Relevance minus trust equals?

Not much, according to Bill Day of WhenU. Online advertising companies are known for talking about relevance.

Not much, according to Bill Day of WhenU. Online advertising companies are known for talking about relevance.  Many seem to think that if their ads are relevant, the web users will take interest and maybe even click through and buy something.  Think about those pop-up ads for a competing site's airline tickets (or whatever).  Does relevance make the ads any more acceptable? ZDNet readers answered that question.

Day doesn't think so.  He cites an example where he was stopped at a long traffic light and approached by a "squeegee guy" wanting to clean his dirty windshield.  His windshield was indeed dirty and in desperate need of cleaning.  But did Day allow squeegee guy to touch his windshield?  No way!  Why?   The answer is simple.  Day says squeegee guy made a fatal mistake.  He did not ask for permission. Day says "No one touches my car without getting my explicit permission first."   Do you adware company folks get that?  It's really a simple concept.  Of course in practice, it's not that simple.  We've had that discussion about 10,000 word EULAs and such a number of times already, so I won't repeat it now.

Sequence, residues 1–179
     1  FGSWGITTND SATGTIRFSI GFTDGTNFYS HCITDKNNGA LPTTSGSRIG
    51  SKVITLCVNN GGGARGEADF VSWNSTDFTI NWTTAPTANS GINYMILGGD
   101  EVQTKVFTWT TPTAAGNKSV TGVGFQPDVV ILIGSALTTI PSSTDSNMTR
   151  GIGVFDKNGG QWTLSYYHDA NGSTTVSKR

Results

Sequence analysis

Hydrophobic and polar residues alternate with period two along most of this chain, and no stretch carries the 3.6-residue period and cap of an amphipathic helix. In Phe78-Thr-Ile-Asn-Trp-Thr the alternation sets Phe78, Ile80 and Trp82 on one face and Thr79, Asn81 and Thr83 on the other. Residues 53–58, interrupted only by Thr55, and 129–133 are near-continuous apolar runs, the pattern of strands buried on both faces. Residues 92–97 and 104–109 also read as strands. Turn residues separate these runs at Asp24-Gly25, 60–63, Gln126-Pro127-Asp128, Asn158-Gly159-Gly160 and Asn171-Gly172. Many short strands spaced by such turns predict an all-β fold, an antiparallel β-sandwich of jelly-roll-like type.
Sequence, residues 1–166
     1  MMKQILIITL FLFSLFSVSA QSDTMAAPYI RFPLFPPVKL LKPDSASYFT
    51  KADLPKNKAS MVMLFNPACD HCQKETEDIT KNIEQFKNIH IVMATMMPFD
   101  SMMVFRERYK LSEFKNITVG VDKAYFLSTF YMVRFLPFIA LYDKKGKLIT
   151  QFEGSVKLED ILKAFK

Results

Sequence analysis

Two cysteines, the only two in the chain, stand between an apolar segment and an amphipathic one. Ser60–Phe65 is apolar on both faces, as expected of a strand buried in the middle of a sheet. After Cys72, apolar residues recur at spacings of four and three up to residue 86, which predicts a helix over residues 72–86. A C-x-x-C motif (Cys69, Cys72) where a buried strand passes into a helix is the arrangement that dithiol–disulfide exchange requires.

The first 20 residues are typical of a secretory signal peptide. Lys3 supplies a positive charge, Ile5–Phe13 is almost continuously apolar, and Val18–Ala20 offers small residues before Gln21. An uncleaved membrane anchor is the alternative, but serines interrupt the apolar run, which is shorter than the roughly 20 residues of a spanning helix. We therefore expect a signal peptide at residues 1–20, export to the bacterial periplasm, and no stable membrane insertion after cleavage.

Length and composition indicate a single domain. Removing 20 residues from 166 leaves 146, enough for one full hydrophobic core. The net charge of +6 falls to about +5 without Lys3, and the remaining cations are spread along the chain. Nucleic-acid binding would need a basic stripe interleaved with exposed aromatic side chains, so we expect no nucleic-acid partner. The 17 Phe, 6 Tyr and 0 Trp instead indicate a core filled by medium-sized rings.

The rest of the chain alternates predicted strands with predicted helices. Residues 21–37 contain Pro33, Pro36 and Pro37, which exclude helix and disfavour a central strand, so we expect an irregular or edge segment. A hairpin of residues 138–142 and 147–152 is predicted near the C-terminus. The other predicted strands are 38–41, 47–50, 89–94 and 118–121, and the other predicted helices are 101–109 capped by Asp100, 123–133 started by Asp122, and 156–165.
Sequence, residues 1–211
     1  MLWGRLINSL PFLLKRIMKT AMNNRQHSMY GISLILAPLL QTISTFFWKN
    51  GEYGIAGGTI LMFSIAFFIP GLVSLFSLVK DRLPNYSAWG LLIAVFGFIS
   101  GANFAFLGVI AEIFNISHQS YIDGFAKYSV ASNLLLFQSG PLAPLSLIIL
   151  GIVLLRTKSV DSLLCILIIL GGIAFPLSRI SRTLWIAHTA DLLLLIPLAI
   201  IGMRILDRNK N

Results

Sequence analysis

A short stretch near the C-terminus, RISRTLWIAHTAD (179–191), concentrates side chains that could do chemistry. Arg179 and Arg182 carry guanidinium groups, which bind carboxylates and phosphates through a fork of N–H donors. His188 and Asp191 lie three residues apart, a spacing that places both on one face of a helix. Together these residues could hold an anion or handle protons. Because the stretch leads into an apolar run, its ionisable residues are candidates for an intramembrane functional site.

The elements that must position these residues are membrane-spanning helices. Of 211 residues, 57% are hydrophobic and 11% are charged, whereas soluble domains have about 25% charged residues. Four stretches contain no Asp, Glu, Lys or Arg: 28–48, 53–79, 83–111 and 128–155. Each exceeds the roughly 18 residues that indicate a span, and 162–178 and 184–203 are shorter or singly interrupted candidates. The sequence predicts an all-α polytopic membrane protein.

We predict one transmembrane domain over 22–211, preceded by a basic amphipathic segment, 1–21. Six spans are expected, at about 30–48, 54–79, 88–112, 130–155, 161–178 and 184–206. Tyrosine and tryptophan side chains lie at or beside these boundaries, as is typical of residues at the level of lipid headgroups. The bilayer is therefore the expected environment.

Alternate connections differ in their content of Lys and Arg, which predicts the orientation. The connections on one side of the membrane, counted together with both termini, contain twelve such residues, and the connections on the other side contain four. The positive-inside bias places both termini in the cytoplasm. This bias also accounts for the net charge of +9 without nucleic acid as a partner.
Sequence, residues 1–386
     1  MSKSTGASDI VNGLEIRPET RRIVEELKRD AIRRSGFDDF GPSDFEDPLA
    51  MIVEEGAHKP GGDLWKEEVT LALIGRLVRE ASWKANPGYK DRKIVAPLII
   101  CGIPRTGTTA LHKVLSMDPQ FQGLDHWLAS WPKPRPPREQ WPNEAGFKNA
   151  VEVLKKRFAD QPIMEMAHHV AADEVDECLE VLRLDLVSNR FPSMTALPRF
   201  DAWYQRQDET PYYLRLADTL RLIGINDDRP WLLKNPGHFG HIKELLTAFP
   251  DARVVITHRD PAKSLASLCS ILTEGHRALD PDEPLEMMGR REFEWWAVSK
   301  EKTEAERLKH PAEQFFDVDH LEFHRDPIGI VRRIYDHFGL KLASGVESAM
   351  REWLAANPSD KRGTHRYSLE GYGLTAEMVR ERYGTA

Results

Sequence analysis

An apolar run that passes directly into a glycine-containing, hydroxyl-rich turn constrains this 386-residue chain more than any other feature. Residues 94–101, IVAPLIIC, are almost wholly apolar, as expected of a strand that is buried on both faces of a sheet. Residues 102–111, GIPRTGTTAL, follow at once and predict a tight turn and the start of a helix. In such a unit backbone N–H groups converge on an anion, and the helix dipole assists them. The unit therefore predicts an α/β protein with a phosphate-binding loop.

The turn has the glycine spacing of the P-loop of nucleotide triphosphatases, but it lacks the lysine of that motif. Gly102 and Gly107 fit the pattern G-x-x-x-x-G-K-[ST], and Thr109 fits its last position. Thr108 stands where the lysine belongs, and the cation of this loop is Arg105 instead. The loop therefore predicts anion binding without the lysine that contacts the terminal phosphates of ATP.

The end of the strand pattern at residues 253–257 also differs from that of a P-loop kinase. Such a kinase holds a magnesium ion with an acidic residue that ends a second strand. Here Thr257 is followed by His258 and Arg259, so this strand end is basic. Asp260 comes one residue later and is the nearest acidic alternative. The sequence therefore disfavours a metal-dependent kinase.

I really relate to Day's example of squeegee guy.  It reminds me of an incident at a car wash when I was approached by a overly enterprising young man who wanted to sell me a new windshield because mine was badly cracked.  It took 3 emphatic NO's to get rid of him.  I thought of him as a human pop-up, but the problem was I couldn't dismiss him with a mouse click.

At any rate, besides the squeegee guy story, Day writes about his dislike of being tracked, using Amazon.com as an example.  It's an interesting read and he offers some very relevant suggestions for others in his industry.